CanCode: Canonization and Codification of Islamic Legal Texts

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Moske Kairo

How does Islamic law change?

In the CanCode project we will study processes of change in Islamic legal texts by starting with two terms, or concepts: "Canonization" and "Codification". These terms are used in variours ways by scholars in the field of Islamic legal studies, but both terms draw attention to selection and validation, or authorization, of knowledge, norms and legal rules.

We have four empirical foci:

  • Pre-modern and colonial Swahili Coast 
  • Modern, contemporary Scandinavia 
  • Pre-modern Zaydi Yemen 
  • Modern Egypt and Israel
About the project
Four-field model

About the CanCode project

Here you will find information about the background for the project and its structure

CanCode News
Group photo

Mukhtaṣar Workshop Report

Here you can read about the Cancode Mukhtaṣar workshop held in Leiden, 27.-28. Sept. 2023.

CanCode News
workshop 1

Short workshop report

Here you can read more about the workshop held in Bergen, June 13-14, 2023, with the title "Transmitting Canonized and Codified Legal Knowledge in Islamic Societies: Practices, Genres, and Institutions"

Nurul Huda Razif

Four researchers receive Marie Curie grant

The University of Bergen has been awarded four EU-funded mobility grants through Marie Skłodowska-Curie Actions (MSCA). One grant goes to The Faculty of Humanities, and three will go to The Faculty of Mathematics and Natural Sciences.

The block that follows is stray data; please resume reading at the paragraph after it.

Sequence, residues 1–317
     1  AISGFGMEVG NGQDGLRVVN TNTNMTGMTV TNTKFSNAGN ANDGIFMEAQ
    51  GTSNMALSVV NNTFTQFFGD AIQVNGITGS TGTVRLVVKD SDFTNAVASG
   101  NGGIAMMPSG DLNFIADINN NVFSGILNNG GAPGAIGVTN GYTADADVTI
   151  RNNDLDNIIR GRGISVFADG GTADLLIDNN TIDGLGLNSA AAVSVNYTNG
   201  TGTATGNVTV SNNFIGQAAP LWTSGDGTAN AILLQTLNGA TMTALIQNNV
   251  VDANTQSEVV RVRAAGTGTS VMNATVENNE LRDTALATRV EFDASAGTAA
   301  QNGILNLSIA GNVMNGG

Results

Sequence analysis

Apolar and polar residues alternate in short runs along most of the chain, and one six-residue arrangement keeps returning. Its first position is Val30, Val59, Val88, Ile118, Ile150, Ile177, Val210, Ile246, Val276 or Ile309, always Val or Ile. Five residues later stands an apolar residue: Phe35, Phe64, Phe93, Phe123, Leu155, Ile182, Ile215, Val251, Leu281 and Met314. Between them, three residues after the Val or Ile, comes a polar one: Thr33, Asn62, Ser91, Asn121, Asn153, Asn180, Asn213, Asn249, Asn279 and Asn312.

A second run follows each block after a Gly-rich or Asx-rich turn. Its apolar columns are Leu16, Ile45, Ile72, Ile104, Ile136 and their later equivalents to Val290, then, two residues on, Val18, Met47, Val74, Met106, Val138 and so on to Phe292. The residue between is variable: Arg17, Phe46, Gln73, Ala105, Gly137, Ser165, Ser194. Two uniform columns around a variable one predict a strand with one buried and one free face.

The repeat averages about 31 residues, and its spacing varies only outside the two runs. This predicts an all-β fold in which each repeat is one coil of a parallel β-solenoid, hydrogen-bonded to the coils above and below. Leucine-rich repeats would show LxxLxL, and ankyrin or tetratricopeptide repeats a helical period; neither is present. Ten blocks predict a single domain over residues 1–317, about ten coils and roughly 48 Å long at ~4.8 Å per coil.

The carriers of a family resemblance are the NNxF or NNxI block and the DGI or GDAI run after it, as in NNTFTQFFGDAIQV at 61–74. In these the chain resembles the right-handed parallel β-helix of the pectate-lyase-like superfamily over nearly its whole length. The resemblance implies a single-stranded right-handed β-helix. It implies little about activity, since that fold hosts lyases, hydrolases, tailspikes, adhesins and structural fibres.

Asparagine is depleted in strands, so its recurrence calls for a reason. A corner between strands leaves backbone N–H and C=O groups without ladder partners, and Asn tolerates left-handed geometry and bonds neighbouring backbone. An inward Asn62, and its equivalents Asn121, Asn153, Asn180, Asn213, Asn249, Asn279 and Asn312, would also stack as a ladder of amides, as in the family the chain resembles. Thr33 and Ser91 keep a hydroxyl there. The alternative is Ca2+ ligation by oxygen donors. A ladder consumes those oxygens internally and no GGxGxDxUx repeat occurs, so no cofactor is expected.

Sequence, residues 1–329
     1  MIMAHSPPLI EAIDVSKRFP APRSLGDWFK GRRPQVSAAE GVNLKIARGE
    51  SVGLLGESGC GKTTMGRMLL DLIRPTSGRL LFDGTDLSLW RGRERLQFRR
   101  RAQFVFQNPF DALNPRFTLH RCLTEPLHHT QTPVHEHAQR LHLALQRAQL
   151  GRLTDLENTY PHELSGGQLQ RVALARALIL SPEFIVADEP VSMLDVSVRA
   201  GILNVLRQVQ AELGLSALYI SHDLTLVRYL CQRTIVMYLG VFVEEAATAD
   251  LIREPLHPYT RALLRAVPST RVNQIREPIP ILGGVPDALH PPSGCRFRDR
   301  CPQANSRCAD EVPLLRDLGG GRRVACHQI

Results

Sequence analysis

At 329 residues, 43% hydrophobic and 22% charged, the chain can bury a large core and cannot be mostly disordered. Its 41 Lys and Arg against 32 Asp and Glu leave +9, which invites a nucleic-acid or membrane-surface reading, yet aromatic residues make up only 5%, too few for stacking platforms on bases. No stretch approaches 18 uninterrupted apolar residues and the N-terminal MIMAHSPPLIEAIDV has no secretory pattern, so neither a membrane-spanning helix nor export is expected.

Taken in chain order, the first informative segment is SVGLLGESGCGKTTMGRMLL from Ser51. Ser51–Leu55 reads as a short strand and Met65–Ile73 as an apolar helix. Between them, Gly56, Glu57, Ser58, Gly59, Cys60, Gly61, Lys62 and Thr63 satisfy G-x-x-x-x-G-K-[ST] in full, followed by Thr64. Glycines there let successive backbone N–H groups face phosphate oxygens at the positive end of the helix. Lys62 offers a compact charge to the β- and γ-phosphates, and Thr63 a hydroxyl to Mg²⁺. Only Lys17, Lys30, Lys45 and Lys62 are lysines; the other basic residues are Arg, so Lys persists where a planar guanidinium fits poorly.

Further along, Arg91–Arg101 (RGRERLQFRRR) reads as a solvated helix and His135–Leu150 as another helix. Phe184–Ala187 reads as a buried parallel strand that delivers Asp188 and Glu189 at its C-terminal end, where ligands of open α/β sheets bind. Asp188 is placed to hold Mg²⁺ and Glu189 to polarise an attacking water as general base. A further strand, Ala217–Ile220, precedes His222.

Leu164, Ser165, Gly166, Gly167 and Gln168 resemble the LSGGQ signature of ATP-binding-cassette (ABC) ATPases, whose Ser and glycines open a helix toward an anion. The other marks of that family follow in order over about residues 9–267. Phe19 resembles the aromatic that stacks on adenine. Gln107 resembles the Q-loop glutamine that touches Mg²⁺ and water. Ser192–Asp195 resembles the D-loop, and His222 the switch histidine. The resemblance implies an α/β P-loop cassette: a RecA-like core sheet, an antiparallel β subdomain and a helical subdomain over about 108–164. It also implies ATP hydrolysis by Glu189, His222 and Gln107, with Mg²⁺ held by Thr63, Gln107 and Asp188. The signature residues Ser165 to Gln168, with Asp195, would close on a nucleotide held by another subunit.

CanCode News
Group photo after the workshop

Report from the CanCode Workshop, June, 2022

In June 2022 the CanCode project hosted the workshop called "Canon or Code? Standardising and Transmitting Islamic Law". Below, you can read more about the workshop and how it is planned to be followed up in 2023.

Logo for Trond Mohn stiftelse

The project is a so-called TMS starting grant co-financed by Trond Mohn Foundation and the University of Bergen and will last from August 2020-2024. The project is a cooperation project between the Department of Foreign Languages and the Department of Archaeology, History, Cultural Studies and Religion, at the Faculty of Humanities.

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